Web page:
Kato Mivule | Sept 29 2009
Despite the High Speed Broadband Internet Infrastructure in Africa, prices are still a major issue with opportunists seeking to make a quick profit. African corrupt and despotic leaders don’t offer any much help and it will only be quite some time before Africa actually benefits from the undersea Fiber Optic infrastructure… Cheap High Speed Internet will stay out of reach for Many Africans due to corruption, mismanagement, and lack of foresight, empathy, and concern by the African leadership…
Reduce Internet Costs | All Africa | Sept 29, 2009
Nairobi — When the undersea fibre-optic landed at the Kenya coast two months ago, there was high expectation that it would lead to efficient and cost-effective Internet connectivity. Although it is too early to make a critical assessment, consumers have no reason to smile yet.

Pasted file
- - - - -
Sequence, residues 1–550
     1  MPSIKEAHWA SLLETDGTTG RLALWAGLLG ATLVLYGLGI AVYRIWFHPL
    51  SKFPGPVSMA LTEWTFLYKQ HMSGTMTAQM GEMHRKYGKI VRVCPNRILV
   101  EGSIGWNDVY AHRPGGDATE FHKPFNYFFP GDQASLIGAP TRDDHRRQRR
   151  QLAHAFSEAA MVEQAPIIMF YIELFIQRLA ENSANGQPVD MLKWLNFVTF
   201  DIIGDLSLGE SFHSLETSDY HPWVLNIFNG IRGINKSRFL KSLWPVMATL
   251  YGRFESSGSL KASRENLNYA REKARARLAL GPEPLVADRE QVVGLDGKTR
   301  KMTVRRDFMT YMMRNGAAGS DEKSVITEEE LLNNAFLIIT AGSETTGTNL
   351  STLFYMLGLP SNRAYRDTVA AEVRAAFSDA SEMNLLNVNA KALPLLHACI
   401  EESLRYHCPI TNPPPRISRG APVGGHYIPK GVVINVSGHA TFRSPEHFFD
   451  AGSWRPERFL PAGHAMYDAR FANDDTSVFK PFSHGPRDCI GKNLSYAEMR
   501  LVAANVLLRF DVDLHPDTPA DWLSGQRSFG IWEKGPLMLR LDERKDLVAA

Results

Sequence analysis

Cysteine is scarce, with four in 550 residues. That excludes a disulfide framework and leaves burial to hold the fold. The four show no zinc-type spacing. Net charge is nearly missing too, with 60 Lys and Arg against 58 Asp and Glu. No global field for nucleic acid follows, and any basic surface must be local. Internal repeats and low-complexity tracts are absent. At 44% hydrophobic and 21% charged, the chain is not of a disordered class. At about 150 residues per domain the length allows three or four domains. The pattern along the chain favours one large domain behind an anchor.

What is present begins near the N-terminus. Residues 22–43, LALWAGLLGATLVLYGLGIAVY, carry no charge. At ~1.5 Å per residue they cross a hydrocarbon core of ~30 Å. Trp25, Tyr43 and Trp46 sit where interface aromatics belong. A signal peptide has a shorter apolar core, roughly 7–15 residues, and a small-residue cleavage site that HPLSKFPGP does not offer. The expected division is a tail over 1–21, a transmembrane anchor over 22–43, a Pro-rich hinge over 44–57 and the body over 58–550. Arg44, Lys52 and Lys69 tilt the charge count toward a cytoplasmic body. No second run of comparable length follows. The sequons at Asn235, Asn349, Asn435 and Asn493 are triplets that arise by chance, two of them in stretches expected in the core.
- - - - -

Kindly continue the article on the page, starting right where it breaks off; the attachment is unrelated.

As we published in our business segment, “Smart Company”, yesterday, there is no trickle-down effect and by the look of things, it may a little longer before consumers reap dividends of expanded bandwidth and increased speed associated with the fibre-optic. Yet, prior to that, consumers were made to believe that the undersea cable would be the surest answer to encumbrances wrought by terrestrial connectivity.
With the slow pace of price change, experts and consumers are beginning to ask tough questions. Why can’t the prices go down? Are Internet service providers forming a cartel to keep the prices high? Maybe investors into Seacom and the East African Marines System can explain the variables at play. But one of the unspoken reasons is their desire to recoup their investment by keeping the prices high.
The essence of technology is to make life easier. This is what the fibre-optic cable was meant to achieve. Internet is a key driver of business, and since access has been made easy through the fibre-optic option, the service providers must just reduce costs for the end-users.